- Tesla CEO Elon Musk's tweets about securing funding to take the company private will likely prompt an investigation by federal securities regulators.
- The Wall Street Journal reported that the Securities and Exchange Commission has already "made inquiries."
- Musk risks both civil and possible criminal penalties if he doesn't actually have funding lined up, securities lawyers say.
Elon Musk's lawyers are probably poring over rule 14e-8 of the Securities Exchange Act of 1934 right about now.
That regulation is the one the Tesla CEO may or may not have violated when he sent the markets into a frenzy and halted trading in Tesla's shares after nonchalantly tweeting Tuesday that he was thinking about taking the electric car company private and had "funding secured," securities lawyers say.
Whether it was an impulse tweet or not, it's likely that the Securities and Exchange Commission has already opened an investigation and is looking for documentation to back up Musk's comments, former SEC enforcement lawyers say.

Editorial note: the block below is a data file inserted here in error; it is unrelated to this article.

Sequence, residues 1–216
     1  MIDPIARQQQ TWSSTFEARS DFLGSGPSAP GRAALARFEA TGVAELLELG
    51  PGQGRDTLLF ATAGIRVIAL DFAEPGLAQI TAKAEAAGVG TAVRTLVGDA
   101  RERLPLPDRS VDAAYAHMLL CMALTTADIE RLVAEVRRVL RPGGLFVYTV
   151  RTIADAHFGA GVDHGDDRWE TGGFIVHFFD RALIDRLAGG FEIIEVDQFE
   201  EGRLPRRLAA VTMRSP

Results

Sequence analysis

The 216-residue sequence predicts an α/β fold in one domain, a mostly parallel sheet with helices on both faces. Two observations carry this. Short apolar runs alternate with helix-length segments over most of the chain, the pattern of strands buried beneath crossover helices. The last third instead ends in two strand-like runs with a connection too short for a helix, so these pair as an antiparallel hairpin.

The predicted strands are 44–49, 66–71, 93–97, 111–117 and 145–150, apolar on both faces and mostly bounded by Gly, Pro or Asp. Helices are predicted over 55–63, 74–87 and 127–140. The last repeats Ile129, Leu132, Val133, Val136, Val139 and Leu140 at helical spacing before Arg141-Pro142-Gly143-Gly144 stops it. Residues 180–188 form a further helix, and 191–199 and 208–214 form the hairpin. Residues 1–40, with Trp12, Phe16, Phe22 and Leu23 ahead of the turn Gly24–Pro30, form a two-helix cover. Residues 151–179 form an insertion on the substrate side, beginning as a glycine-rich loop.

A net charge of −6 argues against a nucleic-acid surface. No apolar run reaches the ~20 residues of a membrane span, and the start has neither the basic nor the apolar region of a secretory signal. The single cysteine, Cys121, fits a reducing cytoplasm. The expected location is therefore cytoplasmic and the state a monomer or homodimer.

The Wall Street Journal reported Wednesday that the SEC has, in fact, "made inquiries" to find out whether his claim was true, citing people familiar with the matter.
"I can't imagine that the enforcement division hasn't opened a file, that they are not calling his counsel or him and saying 'we would like whatever papers you have about this, if you have written anything down, if you have talked to lenders, if you have materials about that we would like to see them,'" said Tom Gorman, a former senior enforcement attorney with the SEC and a partner at Dorsey & Whitney in Washington, D.C. "'And right after we have finished seeing all that stuff, we would like to talk to you.'"
Investors aren't so convinced that Musk has actually secured funding. If not, that would spell big trouble for both Musk and his company.
"There is skepticism as to where this money comes from. It doesn't make sense," Efraim Levy, an analyst at CFRA, told CNBC. "The reason it is trading at a discount is because of uncertainty as to whether the deal will come to fruition. If it doesn't come through, the stock is going to crater."
The SEC's rule 14e-8 basically prohibits publicly traded companies from announcing plans to buy or sell securities if executives don't intend to follow through, don't have the means to complete the deal or are flat out trying to manipulate the stock price.